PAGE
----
Law firms face numerous challenges, including those coming from clients, from within their own firms, and from the economy in general. But how much change are law firms willing to embrace to meet those challenges? The “2019 Law Firm Business Leaders Report: Outlook for U.S.-Based Local & Regional Firms” interviewed law firm leaders.

They are generally optimistic about the opportunities for growth. More than 60 percent believe revenues-per-lawyer and profits-per-equity-partner will increase over the next few years. Health care, real estate, corporate law and IP were the practice areas identified as most likely to grow billings.

However, top risks are fee pressure from clients, competition from other firms over fees, awyer recruitment and retention, general economic pressures, cost pressures on litigation matters, and underperforming lawyers.

Law firm leaders perceive a noticeable divergence in how they — the people tasked with ensuring the long-term viability and growth of the firm — are willing to embrace and drive change compared with rank-and-file partners that may favor maximizing current compensation models over long-term investments.  Most firms appear to be relying on trusted but perhaps dated strategies to improve performance while seeming are less likely to explore more potentially radical solutions like re-examining compensation or practice structures or adopting advanced technology to reinvent their legal service delivery model.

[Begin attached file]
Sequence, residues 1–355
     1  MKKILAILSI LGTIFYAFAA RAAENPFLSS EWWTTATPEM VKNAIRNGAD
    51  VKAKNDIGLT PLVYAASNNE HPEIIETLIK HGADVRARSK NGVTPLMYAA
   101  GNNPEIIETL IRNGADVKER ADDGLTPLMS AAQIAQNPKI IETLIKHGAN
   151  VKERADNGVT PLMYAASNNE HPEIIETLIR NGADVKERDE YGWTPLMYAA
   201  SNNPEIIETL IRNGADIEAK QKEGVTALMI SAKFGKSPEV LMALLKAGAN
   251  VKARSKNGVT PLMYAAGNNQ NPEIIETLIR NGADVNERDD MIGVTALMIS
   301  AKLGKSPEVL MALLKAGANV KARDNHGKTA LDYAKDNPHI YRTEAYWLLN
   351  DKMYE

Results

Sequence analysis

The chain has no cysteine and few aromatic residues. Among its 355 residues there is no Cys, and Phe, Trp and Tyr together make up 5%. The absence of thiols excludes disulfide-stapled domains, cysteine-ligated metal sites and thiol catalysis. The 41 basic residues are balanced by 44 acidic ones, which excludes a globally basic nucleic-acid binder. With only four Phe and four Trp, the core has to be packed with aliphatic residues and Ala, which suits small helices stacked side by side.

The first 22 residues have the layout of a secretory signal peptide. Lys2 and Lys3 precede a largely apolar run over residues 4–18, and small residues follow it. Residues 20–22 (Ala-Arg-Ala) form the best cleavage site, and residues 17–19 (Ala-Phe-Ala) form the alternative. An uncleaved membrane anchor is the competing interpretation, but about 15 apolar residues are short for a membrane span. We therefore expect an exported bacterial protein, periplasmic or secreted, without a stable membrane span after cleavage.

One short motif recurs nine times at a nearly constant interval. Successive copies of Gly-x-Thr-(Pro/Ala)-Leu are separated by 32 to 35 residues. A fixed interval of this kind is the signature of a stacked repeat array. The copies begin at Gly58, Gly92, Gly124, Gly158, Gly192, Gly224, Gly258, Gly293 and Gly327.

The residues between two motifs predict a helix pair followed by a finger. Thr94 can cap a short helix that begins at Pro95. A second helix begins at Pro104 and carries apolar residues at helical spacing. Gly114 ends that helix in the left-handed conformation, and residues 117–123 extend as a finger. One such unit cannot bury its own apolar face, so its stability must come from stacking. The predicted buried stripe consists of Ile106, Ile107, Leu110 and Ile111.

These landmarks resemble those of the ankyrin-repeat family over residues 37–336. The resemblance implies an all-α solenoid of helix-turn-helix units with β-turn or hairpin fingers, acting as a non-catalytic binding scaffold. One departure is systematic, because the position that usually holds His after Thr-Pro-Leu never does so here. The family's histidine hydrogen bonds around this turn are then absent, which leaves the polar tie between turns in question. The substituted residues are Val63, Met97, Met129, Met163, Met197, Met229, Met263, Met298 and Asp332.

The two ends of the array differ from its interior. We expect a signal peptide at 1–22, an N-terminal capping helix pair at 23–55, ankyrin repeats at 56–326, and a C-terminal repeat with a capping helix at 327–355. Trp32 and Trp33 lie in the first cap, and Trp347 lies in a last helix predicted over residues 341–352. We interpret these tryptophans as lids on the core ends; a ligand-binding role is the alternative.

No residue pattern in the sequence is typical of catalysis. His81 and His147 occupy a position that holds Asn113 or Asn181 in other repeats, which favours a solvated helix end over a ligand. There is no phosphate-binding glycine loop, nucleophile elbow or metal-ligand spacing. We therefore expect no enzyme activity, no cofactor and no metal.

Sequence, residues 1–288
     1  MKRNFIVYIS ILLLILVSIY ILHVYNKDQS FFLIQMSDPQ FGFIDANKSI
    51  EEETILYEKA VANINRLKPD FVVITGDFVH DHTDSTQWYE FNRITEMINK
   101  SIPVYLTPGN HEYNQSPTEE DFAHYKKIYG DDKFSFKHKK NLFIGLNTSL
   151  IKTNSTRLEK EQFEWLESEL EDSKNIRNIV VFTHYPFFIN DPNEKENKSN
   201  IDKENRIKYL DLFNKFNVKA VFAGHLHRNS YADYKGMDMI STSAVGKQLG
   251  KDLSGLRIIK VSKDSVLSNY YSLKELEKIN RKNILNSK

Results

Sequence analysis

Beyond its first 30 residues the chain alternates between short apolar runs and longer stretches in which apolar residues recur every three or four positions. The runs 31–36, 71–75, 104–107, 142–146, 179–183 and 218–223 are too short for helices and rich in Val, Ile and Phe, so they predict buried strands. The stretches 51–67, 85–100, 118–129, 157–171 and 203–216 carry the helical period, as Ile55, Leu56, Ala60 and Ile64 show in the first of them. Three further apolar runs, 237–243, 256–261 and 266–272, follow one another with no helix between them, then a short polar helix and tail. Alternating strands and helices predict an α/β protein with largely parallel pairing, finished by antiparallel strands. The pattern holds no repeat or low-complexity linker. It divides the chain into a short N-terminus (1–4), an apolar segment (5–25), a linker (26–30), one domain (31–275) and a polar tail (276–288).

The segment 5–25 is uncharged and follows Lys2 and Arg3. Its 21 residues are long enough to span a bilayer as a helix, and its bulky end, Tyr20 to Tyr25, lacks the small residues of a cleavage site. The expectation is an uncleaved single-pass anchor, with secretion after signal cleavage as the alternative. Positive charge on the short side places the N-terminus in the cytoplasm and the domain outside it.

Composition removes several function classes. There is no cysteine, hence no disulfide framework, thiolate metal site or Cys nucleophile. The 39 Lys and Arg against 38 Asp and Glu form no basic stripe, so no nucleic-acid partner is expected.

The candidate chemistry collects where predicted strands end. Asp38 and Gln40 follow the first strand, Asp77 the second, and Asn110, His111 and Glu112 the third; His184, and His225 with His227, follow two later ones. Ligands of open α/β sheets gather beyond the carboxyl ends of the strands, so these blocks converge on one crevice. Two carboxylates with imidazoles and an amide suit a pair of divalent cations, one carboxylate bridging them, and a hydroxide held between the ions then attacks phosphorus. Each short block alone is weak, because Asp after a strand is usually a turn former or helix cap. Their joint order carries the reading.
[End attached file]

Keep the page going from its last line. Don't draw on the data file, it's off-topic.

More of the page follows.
Overall, the responses provide an interesting look into how these business professionals approach today’s legal market. They also raise some interesting questions about possible paradoxes in the responses. For example, respondents are quite bullish on the possibilities for growth in both revenue and profits per lawyer at their firms, but they also are concerned about the chances for growth in rates, productivity, or realization on their bills. The report explores this and other questions about the responses in greater depth.